Peter Jackson at his best…

When you consider The Hobbit: The Desolation of Smaug is the middle part of this lengthy trilogy, you could be forgiven for expecting a slightly lesser film, as can happen with three parters, and was the case, in my opinion, with The Lord of the Rings: The Two Towers, but in this instant was even better than its part one. I was in awe at the visual feast and storytelling of the first part of The Hobbit, but was even more impressed by how much better the story came across thanks to Jackson’s wizardry (pun very much intended).

Where An Unexpected Journey felt a little bloated, when they had the long intro and then sang in Bilbo’s home, that’s all been tightened up now that the formalities of introducing the large party of Dwarves is out the way or the explanation of why they need to go to Erebor, the Lonely Mountain. Not that those scenes weren’t entertaining, but they did slow things down a bit and felt more like part of a Blu-ray extended edition.

I wonder what they’ll feel like on an actual extended edition? I’ve watched the Rings extended trilogy countless times and never tire of them, but I’m just not seeing myself watching the first forty-five minutes of The Hobbit part one with the same sort of fondness.

The Hobbit: The Desolation of Smaug
Directed by
Peter Jackson
Cast
Ian McKellen, Martin Freeman, Richard Armitage
Release Date
13 December 2013
Nav’s Grade: A+

We last saw the Dwarves, led by Thorin Oakenshield and Gandalf, along with Bilbo Baggins, escape the clutches of the Goblin King to continue on to the next leg of their journey. They’re being hunted by Thorin’s old enemy, Azog, who was thought dead when Thorin cut his arm off during a great battle. After parting company with Gandalf, who has arranged to meet up with them later, Azog has had his men track the group to Mirkwood Forest, that’s teaming with giant spiders. The Dwarves find themselves in trouble, but Bilbo uses the Ring of Power to make himself invisible and free the group from the cobwebs they’ve been wrapped up in, but before they can escape, the Elves show up, kill the remaining spiders and take them prisoner.

There are two scenes that were extremely good at this point in the film; one is amusing that involves Legolas and a Dwarf with a family photo, and the other comes right before the Elves show up. It’s when Bilbo accidentally drops the Ring and a spider gets in the way of him getting to it. Suddenly Bilbo savagely and uncharacteristically attacks the spider with such ferocity, that he surprises himself when he thinks about it afterwards, and begins to realize the power the Ring is starting to have over him, and gives us a hint of how things must have developed for he and the previous owner of the “precious.”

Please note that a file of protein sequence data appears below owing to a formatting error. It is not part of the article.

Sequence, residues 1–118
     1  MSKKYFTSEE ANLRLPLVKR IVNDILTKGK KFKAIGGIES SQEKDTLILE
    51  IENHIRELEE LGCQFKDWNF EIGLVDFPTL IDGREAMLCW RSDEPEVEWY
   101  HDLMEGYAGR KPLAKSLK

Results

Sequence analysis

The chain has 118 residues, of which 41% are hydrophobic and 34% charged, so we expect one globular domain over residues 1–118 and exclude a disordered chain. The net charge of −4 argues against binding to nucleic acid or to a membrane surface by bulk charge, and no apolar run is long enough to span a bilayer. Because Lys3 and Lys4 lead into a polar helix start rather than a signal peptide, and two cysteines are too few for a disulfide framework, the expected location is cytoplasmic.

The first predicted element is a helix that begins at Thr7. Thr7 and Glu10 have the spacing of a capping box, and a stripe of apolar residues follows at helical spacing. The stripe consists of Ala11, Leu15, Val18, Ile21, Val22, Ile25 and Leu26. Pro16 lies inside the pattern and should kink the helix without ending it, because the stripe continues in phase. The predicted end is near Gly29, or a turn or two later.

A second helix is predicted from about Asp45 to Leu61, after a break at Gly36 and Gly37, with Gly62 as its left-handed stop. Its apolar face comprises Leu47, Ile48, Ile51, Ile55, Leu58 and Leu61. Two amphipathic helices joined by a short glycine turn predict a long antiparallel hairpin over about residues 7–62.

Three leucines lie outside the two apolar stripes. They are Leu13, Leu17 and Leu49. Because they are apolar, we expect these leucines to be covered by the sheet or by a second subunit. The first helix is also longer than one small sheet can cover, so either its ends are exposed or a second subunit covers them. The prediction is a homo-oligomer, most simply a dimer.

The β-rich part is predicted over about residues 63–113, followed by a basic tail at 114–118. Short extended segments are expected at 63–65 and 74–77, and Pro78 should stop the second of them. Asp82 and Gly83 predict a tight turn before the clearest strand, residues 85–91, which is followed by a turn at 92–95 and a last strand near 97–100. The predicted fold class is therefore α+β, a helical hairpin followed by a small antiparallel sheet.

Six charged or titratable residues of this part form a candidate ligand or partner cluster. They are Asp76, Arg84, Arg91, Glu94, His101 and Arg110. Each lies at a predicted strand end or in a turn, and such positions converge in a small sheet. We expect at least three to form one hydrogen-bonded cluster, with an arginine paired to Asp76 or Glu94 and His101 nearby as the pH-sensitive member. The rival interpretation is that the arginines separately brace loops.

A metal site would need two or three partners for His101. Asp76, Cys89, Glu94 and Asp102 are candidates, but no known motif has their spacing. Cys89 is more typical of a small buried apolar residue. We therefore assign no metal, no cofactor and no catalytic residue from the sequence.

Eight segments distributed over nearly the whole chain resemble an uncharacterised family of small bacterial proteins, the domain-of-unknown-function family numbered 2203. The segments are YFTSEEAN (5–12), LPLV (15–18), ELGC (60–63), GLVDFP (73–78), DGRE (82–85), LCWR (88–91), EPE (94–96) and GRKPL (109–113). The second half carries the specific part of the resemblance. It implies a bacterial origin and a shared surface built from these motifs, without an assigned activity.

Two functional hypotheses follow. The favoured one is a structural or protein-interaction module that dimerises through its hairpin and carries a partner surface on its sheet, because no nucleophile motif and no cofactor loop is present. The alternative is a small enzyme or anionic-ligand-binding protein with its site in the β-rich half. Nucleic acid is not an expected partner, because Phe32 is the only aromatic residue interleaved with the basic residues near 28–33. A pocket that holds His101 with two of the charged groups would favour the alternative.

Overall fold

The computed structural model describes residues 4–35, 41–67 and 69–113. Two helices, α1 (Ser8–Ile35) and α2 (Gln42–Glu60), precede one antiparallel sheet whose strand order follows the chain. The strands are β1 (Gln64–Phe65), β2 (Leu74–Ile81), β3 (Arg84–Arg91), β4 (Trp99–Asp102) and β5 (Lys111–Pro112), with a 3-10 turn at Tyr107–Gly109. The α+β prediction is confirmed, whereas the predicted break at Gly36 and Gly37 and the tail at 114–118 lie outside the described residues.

Along with seeing Legolas again, we’re introduced to several new characters in The Desolation of Smaug, like Tauriel (Evangeline Lilly), a Wood-Elf from Mirkwood who takes a fancy to one of the Dwarves, even though she and Legolas are an item. Master of Laketown (Stephen Fry) is another along with Girion (Luke Evans), a boatsman who rescues the Dwarves after a very long chase sequence where they escape from the Elves. The barrel scene is a brilliant example of direction, editing, cinematography and choreography coming together to create a most memorable spectacle.

Smaug (voiced by Benedict Cumberbatch) is one of the best and meanest looking dragons I have ever seen, as he stomps about his lair mocking Bilbo and the Dwarves. Along with the barrel scene, the ending with the dragon was breathtaking and exciting, as the group attempt to steal back the Arkenstone but have a tough time as they are chased and almost burned alive on several occasions.

Oscar-winning cinematographer, Andrew Lesnie, knows how to do Jackson’s vision justice, with stunning camera work, bringing the scenes alive, and with editor Jabez Olssen, have helped create a fantasy film that’s every bit good as The Lord of the Rings trilogy. If you loved part one of The Hobbit, then be prepared to love part two even more. I know I certainly did.

by Nav Qateel